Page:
"Push" often occurs as a technical term in medieval accounts of combats written in French. What seems to distinguish a "push" from other thrusts is that it's expected to include a lot of momentum transfer, and to knock the target back or down if everything goes right. This would be in contrast to a rapid pool-cue pop.
The combat at Vannes in 1381 seems like a promising starting point, since Froissart describes pushing attacks with the lance, and he agrees with Cabaret d'Orville, the other chronicler of the combat, that there were several knockdowns. Unfortunately, while Froissart and Cabaret agree on the broad outline of the combat, they disagree so thoroughly on the specifics of who was struck where that the core account of the combat that they both agree on tells us little about where exactly the combatants were trying to hit each other.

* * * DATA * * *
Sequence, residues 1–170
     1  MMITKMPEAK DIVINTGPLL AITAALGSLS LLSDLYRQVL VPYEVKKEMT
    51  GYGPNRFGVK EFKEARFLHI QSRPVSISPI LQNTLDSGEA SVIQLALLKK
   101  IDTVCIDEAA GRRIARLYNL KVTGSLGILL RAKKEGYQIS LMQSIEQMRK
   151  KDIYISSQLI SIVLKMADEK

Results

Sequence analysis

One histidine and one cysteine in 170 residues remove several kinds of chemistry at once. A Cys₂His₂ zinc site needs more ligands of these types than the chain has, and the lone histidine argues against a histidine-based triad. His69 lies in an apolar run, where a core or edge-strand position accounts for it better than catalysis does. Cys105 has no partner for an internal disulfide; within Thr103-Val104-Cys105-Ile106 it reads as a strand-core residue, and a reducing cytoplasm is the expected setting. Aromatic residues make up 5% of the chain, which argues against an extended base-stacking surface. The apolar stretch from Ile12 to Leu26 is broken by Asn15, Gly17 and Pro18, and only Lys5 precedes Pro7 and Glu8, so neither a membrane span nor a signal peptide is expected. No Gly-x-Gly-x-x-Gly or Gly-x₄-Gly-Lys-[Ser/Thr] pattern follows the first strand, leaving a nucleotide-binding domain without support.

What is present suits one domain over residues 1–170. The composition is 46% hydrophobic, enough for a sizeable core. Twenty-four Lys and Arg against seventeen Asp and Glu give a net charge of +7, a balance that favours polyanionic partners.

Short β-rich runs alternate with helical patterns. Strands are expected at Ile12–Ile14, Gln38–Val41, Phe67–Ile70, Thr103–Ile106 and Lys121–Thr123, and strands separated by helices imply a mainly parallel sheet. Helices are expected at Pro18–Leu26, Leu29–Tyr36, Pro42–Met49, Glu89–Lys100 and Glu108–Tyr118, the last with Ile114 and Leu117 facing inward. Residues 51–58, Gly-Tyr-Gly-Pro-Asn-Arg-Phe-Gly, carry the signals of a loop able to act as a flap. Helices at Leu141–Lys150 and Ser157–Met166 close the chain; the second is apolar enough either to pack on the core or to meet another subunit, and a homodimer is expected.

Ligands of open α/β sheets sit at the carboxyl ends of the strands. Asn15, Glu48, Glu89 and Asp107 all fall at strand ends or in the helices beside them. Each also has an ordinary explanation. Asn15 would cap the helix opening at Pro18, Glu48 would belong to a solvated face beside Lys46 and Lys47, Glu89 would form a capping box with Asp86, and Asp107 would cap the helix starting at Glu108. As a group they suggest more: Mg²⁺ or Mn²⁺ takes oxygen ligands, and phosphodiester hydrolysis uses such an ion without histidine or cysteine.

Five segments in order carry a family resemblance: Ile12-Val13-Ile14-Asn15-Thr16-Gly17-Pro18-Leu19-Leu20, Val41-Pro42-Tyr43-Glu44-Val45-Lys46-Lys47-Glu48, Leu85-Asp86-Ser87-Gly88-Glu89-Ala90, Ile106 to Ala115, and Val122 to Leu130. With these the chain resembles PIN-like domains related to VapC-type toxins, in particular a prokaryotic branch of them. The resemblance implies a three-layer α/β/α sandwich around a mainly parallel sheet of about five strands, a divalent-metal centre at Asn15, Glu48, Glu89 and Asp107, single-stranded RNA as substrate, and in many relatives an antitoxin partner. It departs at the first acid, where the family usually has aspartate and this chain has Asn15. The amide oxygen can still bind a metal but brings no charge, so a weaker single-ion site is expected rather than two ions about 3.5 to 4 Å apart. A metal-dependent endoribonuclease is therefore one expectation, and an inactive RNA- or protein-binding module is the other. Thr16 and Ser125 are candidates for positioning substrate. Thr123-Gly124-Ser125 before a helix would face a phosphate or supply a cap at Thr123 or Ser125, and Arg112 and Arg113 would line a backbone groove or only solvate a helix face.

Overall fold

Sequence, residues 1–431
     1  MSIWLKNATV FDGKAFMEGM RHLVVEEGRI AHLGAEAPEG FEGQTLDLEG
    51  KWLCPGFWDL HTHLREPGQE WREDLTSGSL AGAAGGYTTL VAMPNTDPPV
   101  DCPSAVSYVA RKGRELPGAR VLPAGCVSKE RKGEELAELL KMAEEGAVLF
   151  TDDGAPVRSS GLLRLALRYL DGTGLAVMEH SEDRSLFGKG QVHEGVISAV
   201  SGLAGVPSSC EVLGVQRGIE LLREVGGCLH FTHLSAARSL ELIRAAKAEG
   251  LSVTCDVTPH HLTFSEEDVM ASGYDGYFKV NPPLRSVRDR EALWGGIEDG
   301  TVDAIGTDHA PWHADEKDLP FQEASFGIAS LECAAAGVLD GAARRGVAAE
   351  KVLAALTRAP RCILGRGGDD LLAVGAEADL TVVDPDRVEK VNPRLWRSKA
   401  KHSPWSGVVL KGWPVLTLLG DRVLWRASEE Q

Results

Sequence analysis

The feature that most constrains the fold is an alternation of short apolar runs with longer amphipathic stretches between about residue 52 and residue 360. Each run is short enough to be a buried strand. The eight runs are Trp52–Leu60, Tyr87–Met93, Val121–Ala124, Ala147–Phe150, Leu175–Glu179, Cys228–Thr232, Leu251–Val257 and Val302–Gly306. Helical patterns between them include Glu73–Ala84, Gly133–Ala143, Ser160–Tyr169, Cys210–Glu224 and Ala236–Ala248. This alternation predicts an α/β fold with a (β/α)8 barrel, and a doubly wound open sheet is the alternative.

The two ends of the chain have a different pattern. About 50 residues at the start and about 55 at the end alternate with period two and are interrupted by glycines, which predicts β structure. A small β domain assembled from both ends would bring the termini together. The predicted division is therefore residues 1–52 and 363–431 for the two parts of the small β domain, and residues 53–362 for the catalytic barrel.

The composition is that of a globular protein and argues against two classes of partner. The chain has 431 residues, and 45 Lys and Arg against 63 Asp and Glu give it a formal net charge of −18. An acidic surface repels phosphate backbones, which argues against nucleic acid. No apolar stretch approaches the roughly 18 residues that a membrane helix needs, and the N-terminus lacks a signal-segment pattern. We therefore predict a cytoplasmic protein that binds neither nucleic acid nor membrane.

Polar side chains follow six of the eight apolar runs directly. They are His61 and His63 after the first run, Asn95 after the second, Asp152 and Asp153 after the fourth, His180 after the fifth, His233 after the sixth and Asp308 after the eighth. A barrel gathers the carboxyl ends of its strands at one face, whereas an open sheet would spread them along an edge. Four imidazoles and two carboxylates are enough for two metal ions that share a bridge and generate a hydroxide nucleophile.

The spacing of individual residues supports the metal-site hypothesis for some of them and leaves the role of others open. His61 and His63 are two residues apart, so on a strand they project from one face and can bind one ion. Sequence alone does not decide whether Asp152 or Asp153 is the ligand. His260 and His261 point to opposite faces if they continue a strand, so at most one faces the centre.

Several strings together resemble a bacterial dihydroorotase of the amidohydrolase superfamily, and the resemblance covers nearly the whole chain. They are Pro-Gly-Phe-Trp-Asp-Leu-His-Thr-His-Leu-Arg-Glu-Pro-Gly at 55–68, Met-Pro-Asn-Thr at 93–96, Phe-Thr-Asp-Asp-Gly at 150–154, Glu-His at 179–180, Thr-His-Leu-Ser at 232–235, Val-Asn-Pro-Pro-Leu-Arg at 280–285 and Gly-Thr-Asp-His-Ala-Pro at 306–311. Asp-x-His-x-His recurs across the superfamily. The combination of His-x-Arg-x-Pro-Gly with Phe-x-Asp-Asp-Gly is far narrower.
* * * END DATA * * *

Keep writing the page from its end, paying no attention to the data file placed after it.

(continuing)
Here are some other accounts where the blow is specifically described as a push and where blows are said to hit.
Galiot de Baltasin and Phillipe de Ternant Fight on Foot with Lances, 1446
Edge of the bascinet, piercing it.
Galiot de Baltasin and Phillipe de Ternant Fight with Swords, 1446
On the bascinet, piercing it close to the earlier lance hit
Below the left shoulder, piercing and carrying away the gardebras
Top of the head. (Many great bascinets have perforations considerably higher than eye level. A thrust that lodged there could reasonably be described as hitting the top of the head).
Breaking the sword rondel
Piercing the gauntlet
Jacques de Lalaing and Jacques d'Avanchies Fight with Swords, 1450
De la Marche's Account
Between the left shoulder and the bevor of the armet, twice.
On the left flank
The pattern of hits described seems consistent with:
Aiming for the visor, and sometimes hitting points adjacent, and:
Aiming for gaps between plates, such as between the breastplate and armharness or at the inside of the elbow, and sometimes hitting points adjacent.